Stressful events and the ways people interpret them also are major players in causes of depression. Everyone experiences a tragic or at the very least, an unfortunate event. People suffering from depression will view this as being much worse than the average person, and view life more negatively to begin with. People are not to be trusted, life is hard and only has sadness. This can be brought about by the ways they were raised and the events they experienced growing up.
To be clear, everyone gets sad, grieves, and mourns. This is a constant part of life, and in ways can help us grow and be stronger in the end. This is also not depression. Depression lasts longer than grief, and there is often no cause to be depressed. It just happens.
Subtypes of Depression
Depression is not a one-size fits all type disease. There are many symptoms people may have, and even subtypes and specific features that a diagnosis of depression may have. The subtypes include:
• Disruptive mood dysregulation (DMDD): Generally diagnosed in children and adolescents between the ages of 6 and 18. It involves frequent temper tantrums that are not appropriate for the child’s age or situation.
• Major depression: The most common subtype. The symptoms are usually severe and impact daily life.
• Persistent depression or dysthymia: A depressed mood that lasts for over two years.
• Premenstrual dysphoria: Symptoms appear the week before one’s menses, then become minimal after menses.
• Substance/medication-induced depression: Depression that occurs during or soon after one is exposed to a substance. It could also occur during withdrawal.
• Depression related to another medical condition: Depression caused by the physiological effects of another medical condition.
• Other specified depressive disorders: This diagnosis applies when someone has depressive symptoms, but they do not qualify for any other subtype. A clinician will specify the reason the condition does not meet the criteria. The person may not have enough symptoms, or the depressive episode may have been too brief.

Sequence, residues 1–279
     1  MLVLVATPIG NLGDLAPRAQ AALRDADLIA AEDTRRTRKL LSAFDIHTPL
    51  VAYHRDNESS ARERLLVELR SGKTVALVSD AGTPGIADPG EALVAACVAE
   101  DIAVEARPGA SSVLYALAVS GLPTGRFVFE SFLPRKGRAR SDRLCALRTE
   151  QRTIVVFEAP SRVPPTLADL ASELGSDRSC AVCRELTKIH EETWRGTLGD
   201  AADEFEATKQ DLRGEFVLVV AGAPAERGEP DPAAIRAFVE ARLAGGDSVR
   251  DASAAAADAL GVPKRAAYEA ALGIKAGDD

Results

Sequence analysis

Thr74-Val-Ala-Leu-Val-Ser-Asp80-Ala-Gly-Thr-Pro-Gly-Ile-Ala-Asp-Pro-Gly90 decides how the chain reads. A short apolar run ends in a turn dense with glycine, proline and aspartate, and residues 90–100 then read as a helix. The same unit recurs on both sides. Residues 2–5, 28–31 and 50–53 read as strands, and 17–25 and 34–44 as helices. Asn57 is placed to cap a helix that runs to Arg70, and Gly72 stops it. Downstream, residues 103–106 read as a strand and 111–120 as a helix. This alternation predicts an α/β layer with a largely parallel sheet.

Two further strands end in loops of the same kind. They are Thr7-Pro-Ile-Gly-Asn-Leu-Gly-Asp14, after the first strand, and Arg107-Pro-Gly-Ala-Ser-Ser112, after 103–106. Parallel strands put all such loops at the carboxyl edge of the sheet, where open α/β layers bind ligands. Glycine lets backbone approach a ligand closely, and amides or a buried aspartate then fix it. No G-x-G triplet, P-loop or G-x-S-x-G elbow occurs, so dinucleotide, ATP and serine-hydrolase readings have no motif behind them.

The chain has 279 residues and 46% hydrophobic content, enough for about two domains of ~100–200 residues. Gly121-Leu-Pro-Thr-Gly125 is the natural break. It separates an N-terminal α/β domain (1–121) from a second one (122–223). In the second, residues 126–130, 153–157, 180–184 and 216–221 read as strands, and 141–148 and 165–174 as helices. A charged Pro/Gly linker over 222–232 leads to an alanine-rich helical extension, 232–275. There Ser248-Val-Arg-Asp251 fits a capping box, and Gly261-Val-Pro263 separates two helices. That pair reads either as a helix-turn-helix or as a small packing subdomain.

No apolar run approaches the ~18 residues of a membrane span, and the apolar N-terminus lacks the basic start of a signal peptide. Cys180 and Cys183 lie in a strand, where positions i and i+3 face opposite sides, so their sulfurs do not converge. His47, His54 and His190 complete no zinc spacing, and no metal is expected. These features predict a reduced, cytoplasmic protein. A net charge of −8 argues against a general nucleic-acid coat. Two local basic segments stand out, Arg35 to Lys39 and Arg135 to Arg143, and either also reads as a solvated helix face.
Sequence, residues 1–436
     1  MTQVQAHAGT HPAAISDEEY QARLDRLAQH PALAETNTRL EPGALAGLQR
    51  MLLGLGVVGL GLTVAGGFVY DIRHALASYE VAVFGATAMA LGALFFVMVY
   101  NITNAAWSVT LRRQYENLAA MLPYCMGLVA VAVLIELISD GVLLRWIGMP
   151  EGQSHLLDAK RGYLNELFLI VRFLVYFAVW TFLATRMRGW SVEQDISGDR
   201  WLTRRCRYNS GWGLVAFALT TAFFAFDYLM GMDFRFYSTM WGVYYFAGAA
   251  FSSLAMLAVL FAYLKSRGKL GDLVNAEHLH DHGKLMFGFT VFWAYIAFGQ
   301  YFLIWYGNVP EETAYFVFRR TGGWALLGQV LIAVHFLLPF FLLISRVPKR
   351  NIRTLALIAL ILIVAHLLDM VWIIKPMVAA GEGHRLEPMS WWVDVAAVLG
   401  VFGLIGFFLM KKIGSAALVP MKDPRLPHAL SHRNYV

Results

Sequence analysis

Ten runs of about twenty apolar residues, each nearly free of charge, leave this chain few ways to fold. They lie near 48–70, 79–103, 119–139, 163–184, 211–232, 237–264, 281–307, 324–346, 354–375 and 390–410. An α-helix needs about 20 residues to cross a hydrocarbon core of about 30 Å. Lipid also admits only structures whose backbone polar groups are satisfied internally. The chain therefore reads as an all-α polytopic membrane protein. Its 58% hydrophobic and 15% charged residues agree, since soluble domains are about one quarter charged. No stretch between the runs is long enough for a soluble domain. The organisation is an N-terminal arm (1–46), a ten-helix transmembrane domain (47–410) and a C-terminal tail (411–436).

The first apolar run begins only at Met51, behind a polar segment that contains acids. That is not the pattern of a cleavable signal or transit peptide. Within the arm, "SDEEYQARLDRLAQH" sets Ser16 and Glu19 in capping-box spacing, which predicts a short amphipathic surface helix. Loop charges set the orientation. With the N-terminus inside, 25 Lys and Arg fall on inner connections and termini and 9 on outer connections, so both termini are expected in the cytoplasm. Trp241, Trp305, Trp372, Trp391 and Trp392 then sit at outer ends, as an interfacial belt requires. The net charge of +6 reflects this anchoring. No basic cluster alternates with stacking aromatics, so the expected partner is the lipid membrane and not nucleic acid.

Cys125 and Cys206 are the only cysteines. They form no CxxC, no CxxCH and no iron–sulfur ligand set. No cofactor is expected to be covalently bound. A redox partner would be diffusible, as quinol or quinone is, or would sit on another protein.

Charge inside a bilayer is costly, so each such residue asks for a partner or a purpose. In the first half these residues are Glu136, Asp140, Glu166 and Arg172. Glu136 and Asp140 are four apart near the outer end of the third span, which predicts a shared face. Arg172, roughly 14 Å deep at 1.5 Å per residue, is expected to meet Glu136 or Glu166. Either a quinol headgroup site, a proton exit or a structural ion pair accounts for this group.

• Unspecified depression: This diagnosis is used when depressive symptoms do not meet the full criteria for a specific type, but the clinician does not specify why. A clinician may use this distinction when they do not have enough information to make a specific diagnosis (such as in an emergency room).
A depressive subtype might contain these specific features:
• Seasonal pattern: in which episodes occur at a certain time of year
• Peripartum onset: when symptoms occur during or immediately after pregnancy
• Anxious distress: including worry and restlessness
• Catatonia: strange movements or a lack of movement
• Mixed features: such as increased energy and inflated self-esteem
• Melancholic features: such as loss of pleasure, weight loss, and excessive guilt
• Atypical features: such as mood reactivity, weight gain, and hypersomnia
• Psychotic features: such as delusions and hallucinations
Depression can occur alongside other major mental illnesses, including substance abuse. It is in fact one of the most common mental health issues and can often be seen alongside other concerns.
Anxiety and depression are often seen together, and anxiety can sometimes be a symptom of depression. Disorders like posttraumatic stress disorder, generalized anxiety disorder, and obsessive-compulsive disorder are often seen comorbid with depression.